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  • IMF on Oil and Growth: The Haves and the Have-Nots in the Middle East and North Africa

    To describe the economic outlook for the Middle East and North Africa as mixed doesn't quite tell the story. It is more accurate to say that the outlook is a divided one. According to the IMF 's newly released outlook for the region, there is a sharp distinction between members of the Gulf Cooperation Council (GCC) and non-members, and it all comes down to who has the oil. The IMF labels the exporters as "Faring well:" But the importers are not growing enough to support their communities' basic needs: As divided as these two graphs are, they are connected, and the IMF warns oil exporters to shore up their economies to prepare for slower growth. Read the IMF's Regional Outlook for the Middle East and Central Asia here . The IMF's Masood Ahmed discusses the top findings of the report below:
  • Impact of Oil Prices on Gas Prices: or What drivers can expect to pay at the pump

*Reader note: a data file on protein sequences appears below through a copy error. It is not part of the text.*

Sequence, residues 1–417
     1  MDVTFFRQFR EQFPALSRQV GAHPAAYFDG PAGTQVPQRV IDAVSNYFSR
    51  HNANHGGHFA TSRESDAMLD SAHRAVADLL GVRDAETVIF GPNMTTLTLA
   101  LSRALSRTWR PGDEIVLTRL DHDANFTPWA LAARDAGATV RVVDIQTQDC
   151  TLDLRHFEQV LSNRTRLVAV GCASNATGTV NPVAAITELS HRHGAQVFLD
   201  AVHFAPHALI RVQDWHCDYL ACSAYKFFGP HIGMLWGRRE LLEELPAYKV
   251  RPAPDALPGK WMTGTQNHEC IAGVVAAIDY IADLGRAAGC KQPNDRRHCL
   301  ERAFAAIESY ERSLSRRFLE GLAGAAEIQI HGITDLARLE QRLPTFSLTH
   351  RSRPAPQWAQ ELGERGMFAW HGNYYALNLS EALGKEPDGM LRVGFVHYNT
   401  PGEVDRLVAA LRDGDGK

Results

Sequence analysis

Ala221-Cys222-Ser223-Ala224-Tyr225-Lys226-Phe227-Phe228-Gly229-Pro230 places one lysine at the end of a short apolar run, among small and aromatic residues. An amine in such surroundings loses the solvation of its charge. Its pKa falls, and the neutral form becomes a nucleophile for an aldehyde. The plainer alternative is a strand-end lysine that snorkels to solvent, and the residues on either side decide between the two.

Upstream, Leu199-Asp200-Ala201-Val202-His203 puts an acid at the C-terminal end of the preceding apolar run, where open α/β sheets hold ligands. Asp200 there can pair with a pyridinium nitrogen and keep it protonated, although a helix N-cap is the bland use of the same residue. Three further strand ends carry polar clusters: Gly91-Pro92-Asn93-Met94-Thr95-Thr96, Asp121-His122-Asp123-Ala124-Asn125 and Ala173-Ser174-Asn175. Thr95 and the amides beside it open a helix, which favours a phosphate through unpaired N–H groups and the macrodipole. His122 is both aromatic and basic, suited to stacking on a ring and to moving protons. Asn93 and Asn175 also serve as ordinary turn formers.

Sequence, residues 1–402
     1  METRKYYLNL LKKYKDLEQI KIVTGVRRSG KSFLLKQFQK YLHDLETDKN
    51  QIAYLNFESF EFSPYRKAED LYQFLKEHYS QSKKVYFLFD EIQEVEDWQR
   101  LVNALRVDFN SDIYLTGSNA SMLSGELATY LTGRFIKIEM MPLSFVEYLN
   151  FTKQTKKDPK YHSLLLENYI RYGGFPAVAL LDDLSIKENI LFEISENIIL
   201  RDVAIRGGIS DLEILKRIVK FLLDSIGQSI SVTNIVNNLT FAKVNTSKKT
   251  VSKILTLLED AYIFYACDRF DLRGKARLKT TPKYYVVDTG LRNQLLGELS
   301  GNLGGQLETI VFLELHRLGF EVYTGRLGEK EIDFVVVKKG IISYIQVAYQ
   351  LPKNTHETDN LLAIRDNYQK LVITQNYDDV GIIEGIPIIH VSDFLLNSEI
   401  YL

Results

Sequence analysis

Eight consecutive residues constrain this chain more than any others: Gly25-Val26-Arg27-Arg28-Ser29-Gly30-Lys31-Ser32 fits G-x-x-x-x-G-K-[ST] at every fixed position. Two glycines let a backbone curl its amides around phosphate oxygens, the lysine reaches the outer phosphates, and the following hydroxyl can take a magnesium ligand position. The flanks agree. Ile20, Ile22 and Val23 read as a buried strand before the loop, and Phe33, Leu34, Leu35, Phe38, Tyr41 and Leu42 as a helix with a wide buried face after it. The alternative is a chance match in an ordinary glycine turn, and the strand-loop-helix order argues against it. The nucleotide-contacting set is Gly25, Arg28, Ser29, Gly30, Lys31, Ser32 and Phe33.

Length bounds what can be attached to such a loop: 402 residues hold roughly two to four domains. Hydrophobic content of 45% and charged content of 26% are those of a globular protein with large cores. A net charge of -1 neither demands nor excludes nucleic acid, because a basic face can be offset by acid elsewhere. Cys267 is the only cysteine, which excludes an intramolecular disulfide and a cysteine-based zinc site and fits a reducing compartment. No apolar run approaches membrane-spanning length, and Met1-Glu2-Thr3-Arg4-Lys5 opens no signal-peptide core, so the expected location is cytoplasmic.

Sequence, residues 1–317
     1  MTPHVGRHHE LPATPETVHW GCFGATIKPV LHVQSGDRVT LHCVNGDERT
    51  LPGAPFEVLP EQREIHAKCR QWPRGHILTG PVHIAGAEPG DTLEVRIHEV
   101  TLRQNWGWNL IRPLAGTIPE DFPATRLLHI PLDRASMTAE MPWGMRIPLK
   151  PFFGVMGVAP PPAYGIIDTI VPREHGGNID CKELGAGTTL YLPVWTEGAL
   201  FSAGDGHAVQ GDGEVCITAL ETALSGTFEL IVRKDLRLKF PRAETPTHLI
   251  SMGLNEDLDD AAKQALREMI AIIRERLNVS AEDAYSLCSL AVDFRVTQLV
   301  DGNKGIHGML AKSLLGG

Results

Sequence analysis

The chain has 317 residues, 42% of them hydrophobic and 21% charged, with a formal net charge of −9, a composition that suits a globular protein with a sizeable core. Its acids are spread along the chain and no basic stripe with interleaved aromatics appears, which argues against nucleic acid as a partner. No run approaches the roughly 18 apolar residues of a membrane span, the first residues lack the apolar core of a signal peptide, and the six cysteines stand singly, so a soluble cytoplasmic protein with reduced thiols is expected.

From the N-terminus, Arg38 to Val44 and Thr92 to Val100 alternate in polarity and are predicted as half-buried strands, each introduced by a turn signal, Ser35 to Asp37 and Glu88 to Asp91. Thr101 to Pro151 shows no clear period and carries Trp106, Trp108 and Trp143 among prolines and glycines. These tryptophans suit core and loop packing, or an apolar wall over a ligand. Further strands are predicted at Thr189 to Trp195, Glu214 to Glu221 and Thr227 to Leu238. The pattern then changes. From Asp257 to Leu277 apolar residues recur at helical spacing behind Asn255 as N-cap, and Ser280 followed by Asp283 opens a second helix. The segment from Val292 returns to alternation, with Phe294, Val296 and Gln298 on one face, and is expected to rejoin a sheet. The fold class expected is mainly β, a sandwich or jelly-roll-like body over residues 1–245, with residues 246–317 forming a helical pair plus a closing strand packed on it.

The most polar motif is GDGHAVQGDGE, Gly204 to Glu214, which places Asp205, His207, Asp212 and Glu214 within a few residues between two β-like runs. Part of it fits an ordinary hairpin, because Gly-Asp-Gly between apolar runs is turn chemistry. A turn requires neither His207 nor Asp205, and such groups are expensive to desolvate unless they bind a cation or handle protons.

With Iran cutting off its oil from Britain and France, oil prices have climbed to a nine-month high this week . So what will the impact be on gas prices here in the US? The answer may not be quite as simple as "gas prices rise when oil prices rise," says Econbrowser 's James Hamilton . There's speculation involved, and the price fluctuations do not always follow as we expect: Here's a closer look at the data over the last year. Average U.S. gasoline prices fell more than you would have predicted based on the Brent price. They have since come back up. But Brent has surged another $10/barrel over the last two weeks, and gasoline prices have yet to catch up to that latest move. Based on the historical relation, we might expect to see the average U.S. gasoline price rise from its current $3.59/gallon up to $3.84. One factor that's been driving Brent and WTI up over the last few weeks has been rising tensions with Iran. But why should threats or fears alone affect the price we pay here and now? Phil Flynn, a senior market analyst at PFGBest Research in Chicago, offered this interpretation: We're seeing panic buying in Europe and Asia because they're absolutely convinced that they're not going to be able to buy Iranian oil or there's going to be some kind of conflict that disrupts the transport of oil through the Strait of Hormuz.... there is a lot of hoarding in case the worst-case scenario happens. Asian buyers have been buying up West African crude like it's going out of style. Does it make sense for consumers to suffer now just because of something that may or may not happen in the future? If there are significant disruptions, the answer will turn out to be yes. We'll be glad that we used a little less today, and left a little more in storage, to help us better cope with the huge challenges we'll be facing in a few months. If the answer turns out to be no, then this is all just a lot of pain for nothing. Read Crude oil and gasoline prices here . Also see Oil Prices and Consumer Spending from the Richmond Fed .